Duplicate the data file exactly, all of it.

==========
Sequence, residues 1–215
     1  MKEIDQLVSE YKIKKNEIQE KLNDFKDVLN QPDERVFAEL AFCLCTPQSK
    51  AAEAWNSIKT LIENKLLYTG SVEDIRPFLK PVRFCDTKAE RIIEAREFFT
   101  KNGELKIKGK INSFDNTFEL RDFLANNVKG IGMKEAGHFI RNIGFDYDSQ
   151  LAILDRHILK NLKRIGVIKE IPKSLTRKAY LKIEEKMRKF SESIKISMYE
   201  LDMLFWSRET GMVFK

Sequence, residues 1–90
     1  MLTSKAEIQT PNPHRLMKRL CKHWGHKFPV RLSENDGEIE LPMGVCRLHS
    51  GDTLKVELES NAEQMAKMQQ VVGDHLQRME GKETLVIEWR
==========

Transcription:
Sequence, residues 1–215
     1  MKEIDQLVSE YKIKKNEIQE KLNDFKDVLN QPDERVFAEL AFCLCTPQSK
    51  AAEAWNSIKT LIENKLLYTG SVEDIRPFLK PVRFCDTKAE RIIEAREFFT
   101  KNGELKIKGK INSFDNTFEL RDFLANNVKG IGMKEAGHFI RNIGFDYDSQ
   151  LAILDRHILK NLKRIGVIKE IPKSLTRKAY LKIEEKMRKF SESIKISMYE
   201  LDMLFWSRET GMVFK

Sequence, residues 1–90
     1  MLTSKAEIQT PNPHRLMKRL CKHWGHKFPV RLSENDGEIE LPMGVCRLHS
    51  GDTLKVELES NAEQMAKMQQ VVGDHLQRME GKETLVIEWR